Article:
How Important Is Networking When It Comes to Raising Capital?

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What impact does an entrepreneur's network have on capital raising success? originally appeared on Quora - the place to gain and share knowledge, empowering people to learn from others and better understand the world.

Answer by Bonnie Foley-Wong, CEO Pique Ventures, Pique Fund, author Integrated Investing, on Quora:

Whether it’s private venture capital or institutional finance, relationships and network matter.

Anecdotally, sourcing capital for hard-to-finance early-stage businesses is possible when we have a network of potential investors that know us and trust us, that we can turn to quickly and socialize the idea. Early-stage businesses and turnaround situations are risky and investors are unwilling to part with their capital, unless they know it’s going to be in good, safe hands, that have the know-how to reduce the risk of the situation and generate a return on investment.

Beyond anecdotes and personal experience, researchers found that better-networked VC firms and portfolio companies of better-networked VCs perform better. This goes beyond the context of raising capital and looks at the financial performance and success of VC firms and ventures. Researchers found that “In short, many VCs show a preference for networks rather than arm's-length, spot-market transactions.”[1]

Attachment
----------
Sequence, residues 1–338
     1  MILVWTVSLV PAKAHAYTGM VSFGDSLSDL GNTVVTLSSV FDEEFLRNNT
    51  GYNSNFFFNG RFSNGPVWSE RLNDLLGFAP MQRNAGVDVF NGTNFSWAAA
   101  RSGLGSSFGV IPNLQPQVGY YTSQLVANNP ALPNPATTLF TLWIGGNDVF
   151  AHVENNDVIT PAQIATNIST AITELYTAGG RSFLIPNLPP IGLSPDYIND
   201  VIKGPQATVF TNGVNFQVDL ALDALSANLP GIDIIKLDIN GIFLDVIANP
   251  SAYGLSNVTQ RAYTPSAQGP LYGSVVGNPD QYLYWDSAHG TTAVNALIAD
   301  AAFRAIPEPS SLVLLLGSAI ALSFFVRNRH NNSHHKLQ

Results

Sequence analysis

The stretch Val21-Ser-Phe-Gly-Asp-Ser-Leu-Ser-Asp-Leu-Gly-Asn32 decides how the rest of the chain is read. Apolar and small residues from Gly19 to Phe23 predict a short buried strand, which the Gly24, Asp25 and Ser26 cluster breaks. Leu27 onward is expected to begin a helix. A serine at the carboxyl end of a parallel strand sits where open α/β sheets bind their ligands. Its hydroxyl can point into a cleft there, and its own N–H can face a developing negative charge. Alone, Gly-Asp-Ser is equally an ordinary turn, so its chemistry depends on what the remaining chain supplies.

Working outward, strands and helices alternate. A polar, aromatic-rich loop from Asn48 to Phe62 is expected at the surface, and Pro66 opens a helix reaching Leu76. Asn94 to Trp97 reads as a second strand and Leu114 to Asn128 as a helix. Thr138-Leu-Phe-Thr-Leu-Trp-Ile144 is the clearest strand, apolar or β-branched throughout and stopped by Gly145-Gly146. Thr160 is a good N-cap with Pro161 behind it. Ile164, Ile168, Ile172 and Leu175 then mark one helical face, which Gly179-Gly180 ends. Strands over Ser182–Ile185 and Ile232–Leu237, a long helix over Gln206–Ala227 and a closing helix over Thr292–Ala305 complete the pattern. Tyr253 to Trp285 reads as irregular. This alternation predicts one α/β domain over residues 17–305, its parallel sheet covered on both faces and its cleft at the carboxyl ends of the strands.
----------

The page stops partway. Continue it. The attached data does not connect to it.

A number of different factors matter when it comes to the impact of network on capital raising:

  1. Having potential investor(s) in your network gives you a place to start, but there is no guarantee that they’ll invest.
  2. Experience combined with business acumen, an idea, vision, and ability to convince people that you can navigate the risk facing your venture is a starting point for building your network (from scratch or building upon your existing network).
  3. Social capital amplifies financial capital. Someone who is willing to invest their money AND their own network, influence, and reputation is very valuable and amplifies the capital they put, attracts more capital and attention. Capital (social + financial) begets capital.
  4. You have to be willing to ask your network. I am as guilty of this as the next person. You never know who is in your existing network. You only find out by sharing your vision, strategy, and by asking.
  5. Think like an investor when approaching or building your network. You bring something to the table. Approach the potential investors in your network like you’re a peer. You’re the first and biggest investor in your own business and invite others to co-invest alongside you.

Who you know and what you know go hand-in-hand when it comes to starting a venture and ensuring it is properly capitalized. If you have a good network, do your homework, make sure you know what you’re talking about, gain experience, and give investors the confidence to invest in you and your venture. If you have experience, socialize your ideas, meet people before you need to meet them, and grow your network to be what you want it to be.


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